The holiday season is special. It’s a time for gathering with friends and family; for being grateful for all of life’s gifts; for taking time to reflect on the year that was, and look ahead to the one that will be. For the Hmong community, and specifically in Wisconsin, it’s all of those things and more: this period ushers in the new year, and is traditionally hallmarked by celebrating the recent harvest and honoring ancestral connections.
Throughout the day on Tuesday, November 22, and in observance of this important time in the Hmong calendar, 34 East High scholars in ESL teacher and advisor May Choua Thao’s Southeast Asian language for native speakers classes put on five hour-long performances. The three-phase program honored Hmong customs, values, and traditions—an annual practice established in the school’s Forum space in 2006, and continued in the Margaret Williams Theatre ever since.
We aim to promote the Hmong language and Hmong literacy. We also give the students an opportunity to shine. When they’re in a big school like this, they can sometimes feel invisible, or like they don’t have a voice, and this event provides them a literal stage and spotlight. And finally, and maybe most importantly, we strive to educate both students and staff about what it means to be Hmong.
May Choua Thao
As has been the case with many events across the district, this year is the first post-COVID iteration of the performances. Although they have been staged for more than 15 years, it was the first time any of the 2022 scholars had participated, with most having no prior experience with theatre production or the performing arts. Their willingness to step outside their collective comfort zone to share insight into their heritage was equal parts inspiring and informative. The scholars performed for audiences primarily comprised fellow East scholars and teachers, but also included the performers’ families, as well as classes from Emerson and Lincoln elementary schools, and Black Hawk and Sherman middle schools.
The first phase, or act, of the show focused on the after-harvest period, which is akin to Thanksgiving, and saw scholars acting out skits centered on cultivating crops, then preparing and sharing a Hmong meal. The second phase focused on spiritual/cultural practices, specifically the act of “soul-calling,” and featured a student-artist playing the qeej, a ceremonially important Hmong instrument. The third phase emphasized communal celebration, and featured a show of Hmong fashions commonly found in China, Vietnam, Laos, Thailand and the U.S, as well as scholars playing pov pob, a Hmong ball-tossing game.
According to Thao, the annual production has several key goals. “We aim to promote the Hmong language and Hmong literacy,” she said. “Because one’s ability to speak and read the language only serves to better connect them to the culture. We also give the students an opportunity to shine. When they’re in a big school like this, they can sometimes feel invisible, or like they don’t have a voice, and this event provides them a literal stage and spotlight. And finally, and maybe most importantly, we strive to educate both students and staff about what it means to be Hmong.”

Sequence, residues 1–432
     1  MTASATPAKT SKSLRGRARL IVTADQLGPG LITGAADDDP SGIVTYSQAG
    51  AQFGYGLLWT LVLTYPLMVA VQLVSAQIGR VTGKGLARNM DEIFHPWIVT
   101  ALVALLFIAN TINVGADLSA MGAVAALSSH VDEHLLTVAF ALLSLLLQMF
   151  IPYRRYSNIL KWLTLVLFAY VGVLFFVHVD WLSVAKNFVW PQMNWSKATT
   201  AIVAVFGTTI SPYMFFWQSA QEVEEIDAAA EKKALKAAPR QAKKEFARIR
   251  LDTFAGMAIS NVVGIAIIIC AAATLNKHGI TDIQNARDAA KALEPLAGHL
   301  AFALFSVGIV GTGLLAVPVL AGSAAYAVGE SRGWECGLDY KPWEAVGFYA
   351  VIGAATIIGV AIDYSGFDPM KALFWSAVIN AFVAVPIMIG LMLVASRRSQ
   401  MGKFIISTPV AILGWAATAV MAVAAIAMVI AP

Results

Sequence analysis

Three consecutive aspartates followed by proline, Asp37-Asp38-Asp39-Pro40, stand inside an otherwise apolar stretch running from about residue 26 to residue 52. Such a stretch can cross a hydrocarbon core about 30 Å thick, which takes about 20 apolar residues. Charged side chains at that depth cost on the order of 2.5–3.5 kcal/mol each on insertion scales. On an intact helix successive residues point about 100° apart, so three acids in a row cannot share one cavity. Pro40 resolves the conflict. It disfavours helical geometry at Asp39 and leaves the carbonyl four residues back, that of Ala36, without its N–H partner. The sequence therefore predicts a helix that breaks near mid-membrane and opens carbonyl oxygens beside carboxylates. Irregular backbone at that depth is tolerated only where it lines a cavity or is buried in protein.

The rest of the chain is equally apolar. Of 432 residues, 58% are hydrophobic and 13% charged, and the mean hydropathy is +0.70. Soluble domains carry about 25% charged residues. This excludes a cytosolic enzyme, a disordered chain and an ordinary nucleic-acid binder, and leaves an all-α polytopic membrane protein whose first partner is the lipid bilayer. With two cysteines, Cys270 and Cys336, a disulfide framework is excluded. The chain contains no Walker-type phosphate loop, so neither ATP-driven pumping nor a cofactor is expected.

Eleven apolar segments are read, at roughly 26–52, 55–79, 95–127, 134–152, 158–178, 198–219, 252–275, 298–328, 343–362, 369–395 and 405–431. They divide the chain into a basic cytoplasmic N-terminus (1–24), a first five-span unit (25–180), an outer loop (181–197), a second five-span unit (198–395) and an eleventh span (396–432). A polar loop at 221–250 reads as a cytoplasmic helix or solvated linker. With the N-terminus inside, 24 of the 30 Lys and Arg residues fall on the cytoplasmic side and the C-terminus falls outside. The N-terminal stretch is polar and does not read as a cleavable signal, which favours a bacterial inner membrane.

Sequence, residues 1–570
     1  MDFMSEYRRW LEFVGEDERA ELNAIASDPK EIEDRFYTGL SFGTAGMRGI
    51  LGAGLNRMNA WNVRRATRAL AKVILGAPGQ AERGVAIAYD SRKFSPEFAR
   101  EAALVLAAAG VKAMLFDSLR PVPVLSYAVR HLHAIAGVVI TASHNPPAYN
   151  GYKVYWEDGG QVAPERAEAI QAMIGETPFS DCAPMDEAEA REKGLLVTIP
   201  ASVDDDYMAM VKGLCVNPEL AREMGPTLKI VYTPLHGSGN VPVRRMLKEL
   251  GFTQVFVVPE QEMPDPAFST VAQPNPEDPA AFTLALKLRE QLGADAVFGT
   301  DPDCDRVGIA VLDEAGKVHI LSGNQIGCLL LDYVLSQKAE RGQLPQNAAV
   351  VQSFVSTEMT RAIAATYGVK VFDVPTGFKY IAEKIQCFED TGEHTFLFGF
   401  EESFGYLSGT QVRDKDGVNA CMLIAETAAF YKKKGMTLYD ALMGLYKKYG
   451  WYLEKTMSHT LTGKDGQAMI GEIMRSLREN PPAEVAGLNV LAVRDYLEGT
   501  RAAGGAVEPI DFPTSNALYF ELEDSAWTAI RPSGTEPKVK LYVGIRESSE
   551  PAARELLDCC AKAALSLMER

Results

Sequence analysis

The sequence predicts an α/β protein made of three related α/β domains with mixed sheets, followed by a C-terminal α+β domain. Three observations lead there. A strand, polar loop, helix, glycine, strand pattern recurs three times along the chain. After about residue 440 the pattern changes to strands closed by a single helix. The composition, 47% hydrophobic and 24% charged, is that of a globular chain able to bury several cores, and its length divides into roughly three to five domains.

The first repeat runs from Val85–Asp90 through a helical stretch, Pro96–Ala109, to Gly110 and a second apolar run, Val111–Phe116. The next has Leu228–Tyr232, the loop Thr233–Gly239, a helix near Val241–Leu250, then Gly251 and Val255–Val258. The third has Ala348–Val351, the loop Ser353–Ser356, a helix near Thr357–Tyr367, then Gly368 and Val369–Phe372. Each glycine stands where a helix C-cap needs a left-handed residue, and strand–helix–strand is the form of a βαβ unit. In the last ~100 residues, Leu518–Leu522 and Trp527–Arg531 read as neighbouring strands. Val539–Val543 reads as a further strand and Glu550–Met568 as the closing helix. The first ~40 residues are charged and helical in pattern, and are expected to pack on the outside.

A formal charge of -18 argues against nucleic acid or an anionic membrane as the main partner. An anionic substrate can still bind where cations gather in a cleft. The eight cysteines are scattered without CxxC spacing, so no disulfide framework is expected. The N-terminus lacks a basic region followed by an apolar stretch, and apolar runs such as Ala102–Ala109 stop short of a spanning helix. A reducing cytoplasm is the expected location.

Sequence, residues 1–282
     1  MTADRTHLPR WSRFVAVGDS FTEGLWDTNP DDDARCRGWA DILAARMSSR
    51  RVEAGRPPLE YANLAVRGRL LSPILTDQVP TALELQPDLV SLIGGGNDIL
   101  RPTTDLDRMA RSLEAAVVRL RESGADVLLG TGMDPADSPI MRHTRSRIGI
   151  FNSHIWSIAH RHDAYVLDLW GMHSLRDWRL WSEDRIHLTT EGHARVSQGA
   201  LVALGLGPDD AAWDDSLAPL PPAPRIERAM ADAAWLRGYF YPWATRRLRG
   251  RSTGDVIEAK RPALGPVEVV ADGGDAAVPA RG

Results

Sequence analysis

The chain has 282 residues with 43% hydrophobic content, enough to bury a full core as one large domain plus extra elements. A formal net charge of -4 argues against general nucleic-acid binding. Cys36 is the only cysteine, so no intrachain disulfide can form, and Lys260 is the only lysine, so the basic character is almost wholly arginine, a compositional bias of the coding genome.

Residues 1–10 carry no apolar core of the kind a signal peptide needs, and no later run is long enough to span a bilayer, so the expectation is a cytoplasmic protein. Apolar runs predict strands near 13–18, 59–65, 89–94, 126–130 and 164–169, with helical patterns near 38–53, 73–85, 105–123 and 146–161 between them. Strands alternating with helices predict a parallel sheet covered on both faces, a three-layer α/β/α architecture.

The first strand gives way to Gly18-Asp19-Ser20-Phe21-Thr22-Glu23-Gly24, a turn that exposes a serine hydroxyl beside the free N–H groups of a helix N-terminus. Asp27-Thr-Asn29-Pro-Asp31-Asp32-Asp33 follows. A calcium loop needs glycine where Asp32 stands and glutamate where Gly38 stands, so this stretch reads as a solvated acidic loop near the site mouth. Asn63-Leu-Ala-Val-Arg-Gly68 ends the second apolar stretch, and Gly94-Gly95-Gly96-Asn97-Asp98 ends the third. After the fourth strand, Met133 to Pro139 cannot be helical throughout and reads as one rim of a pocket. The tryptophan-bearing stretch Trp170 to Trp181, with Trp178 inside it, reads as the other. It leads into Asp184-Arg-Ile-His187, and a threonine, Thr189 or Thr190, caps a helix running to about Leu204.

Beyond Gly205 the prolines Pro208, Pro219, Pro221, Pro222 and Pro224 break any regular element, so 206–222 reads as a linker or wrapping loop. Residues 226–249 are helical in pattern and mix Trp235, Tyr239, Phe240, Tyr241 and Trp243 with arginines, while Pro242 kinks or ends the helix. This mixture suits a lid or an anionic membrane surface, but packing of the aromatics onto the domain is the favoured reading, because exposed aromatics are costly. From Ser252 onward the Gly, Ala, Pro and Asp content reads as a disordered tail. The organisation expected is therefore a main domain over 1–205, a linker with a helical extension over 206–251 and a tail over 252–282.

In the U.S., Hmong New Year is less about a specific day than a season; it’s guided by weather and, for that reason, is celebrated at different times in different regions, typically ranging from October through December. The East High celebration, along with others in the Madison area, has historically taken place in November. It’s one of two significant Hmong-focused events that Thao and her classes undertake; the second is a Hmong literacy event that occurs in March, culminating in the compilation of a book composed of student-penned stories.
Similar to previous years, all aspects of the show were scripted, sourced, and choreographed entirely by Thao and the scholars in her classes—they developed the program, brought in traditional clothing and instruments, wrote and paced out the story, and even coordinated the seating arrangements together, as a group. The entire experience is one that’s served to bond them over the course of the semester, thus far.
“For me, the most rewarding part of this endeavor is seeing the pride in the scholars’ faces,” said Thao. “Living here, they’ve become Americanized—some don’t speak the language, and they’re not aware of many important aspects of Hmong culture. When you allow them to perform and tell a story like this to their teachers and classmates, it boosts their self-esteem and brings them happiness, and also draws them closer to their culture, each other, and their friends.”